Sex in the Head:
ROGER SCRUTON (1986), Sexual Desire: A Moral Philosophy of the Erotic
Roger Scruton is a Wagnerian romantic and a Thatcherite conservative; a tentative, questioning philosopher who is enamored of dogmatic political conclusions; a subtle writer on cultural diversity who is also drawn to making sweeping biological claims about human nature. These are some of the contradictions that inhabit his uneven, exasperating, yet never trivial new book. Scruton’s career displays this complexity. A Reader in philosophy at Birkbeck College, London, he has written valuable books and articles on aesthetics, the imagination, the significance of culture. At the same time, he has written conservative journalism of a rather narrow and polemical type and served enthusiastically as an adviser to the Thatcher government.
This book suffers from this double commitment. As a philosopher, Scruton wants to help us reflect on a highly complex topic on which it is unlikely that any good work of philosophy would reach simple conclusions. Yet he also wants to advocate a simple, practical program that is critical of feminism and homosexuality, supportive of state religion and the institution of marriage. The program does not follow in any obvious way from the reflections to which his philosophical investigation leads him.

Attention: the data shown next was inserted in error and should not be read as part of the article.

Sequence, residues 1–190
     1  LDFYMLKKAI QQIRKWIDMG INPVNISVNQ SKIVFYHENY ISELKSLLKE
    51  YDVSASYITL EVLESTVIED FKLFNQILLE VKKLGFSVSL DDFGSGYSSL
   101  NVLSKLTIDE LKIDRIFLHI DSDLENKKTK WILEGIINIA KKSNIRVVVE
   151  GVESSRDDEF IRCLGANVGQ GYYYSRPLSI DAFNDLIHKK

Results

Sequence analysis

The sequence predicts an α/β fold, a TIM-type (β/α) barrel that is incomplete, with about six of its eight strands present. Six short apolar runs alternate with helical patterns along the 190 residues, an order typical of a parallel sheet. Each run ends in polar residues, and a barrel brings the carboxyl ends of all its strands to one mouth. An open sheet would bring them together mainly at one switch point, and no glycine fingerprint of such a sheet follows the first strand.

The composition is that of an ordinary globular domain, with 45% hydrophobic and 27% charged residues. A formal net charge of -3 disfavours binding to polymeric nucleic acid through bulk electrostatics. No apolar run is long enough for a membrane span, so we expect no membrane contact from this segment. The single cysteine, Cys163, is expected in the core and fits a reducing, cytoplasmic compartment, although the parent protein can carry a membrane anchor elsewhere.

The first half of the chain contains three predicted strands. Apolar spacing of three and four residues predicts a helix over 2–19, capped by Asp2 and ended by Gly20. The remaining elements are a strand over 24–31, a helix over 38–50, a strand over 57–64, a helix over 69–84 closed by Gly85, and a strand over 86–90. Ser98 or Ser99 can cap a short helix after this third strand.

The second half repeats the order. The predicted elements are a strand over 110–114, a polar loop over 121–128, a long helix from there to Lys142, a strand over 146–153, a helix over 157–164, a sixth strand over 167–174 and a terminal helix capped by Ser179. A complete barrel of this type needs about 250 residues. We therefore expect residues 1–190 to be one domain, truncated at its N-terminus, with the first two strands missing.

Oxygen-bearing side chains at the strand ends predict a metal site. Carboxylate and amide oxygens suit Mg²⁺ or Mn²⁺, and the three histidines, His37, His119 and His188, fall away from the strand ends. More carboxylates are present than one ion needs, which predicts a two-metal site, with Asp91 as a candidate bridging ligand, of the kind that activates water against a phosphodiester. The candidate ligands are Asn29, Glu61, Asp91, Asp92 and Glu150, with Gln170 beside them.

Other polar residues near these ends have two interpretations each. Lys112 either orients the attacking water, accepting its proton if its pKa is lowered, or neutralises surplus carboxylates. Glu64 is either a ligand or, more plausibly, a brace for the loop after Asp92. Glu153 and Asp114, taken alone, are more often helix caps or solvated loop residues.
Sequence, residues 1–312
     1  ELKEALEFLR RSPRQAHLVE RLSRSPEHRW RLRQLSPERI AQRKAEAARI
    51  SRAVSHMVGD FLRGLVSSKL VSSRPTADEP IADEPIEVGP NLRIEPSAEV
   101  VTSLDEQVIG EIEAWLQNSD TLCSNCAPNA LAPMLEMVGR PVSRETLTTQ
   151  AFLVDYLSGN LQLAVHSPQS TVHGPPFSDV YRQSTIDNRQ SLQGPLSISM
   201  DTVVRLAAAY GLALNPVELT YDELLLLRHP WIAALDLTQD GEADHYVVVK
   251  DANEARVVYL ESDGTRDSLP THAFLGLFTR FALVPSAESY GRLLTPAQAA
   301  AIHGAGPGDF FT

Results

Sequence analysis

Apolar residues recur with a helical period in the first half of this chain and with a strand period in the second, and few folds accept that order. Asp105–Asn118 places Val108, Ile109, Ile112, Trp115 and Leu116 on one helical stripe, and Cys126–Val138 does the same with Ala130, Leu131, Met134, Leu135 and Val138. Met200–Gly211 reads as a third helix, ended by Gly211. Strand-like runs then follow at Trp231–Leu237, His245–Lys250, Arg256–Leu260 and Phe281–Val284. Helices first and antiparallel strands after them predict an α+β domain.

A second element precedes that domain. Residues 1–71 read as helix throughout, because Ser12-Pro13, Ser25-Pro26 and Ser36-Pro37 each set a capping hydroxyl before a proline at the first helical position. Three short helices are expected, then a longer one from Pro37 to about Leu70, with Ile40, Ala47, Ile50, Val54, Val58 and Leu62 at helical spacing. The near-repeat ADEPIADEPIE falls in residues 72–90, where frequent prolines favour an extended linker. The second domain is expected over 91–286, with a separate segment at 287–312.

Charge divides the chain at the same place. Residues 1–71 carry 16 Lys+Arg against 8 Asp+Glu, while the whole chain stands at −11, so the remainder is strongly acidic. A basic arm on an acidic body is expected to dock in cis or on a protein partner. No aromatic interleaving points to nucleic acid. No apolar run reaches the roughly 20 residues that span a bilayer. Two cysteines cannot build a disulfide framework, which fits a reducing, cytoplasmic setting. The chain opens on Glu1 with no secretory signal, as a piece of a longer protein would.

Scruton’s central purpose is to attack the idea that sexual desire is simply an animal appetite, a blind physical urge that has no intimate connection with our thoughts and conceptions. He argues, instead, that desire is a part of our characteristically human “intentionality”—that is, it is connected with the way we take a perspective on the world and react to things as we interpret them. Desire does not simply push toward its object; it conceives of the object, and its own internal movements are highly sensitive to changes in conception and belief. Intrinsic to sexual desire is a conception of its object as another “first-person perspective,” a living, interpreting self. The aim of desire, like that of conversation, involves the mutual awareness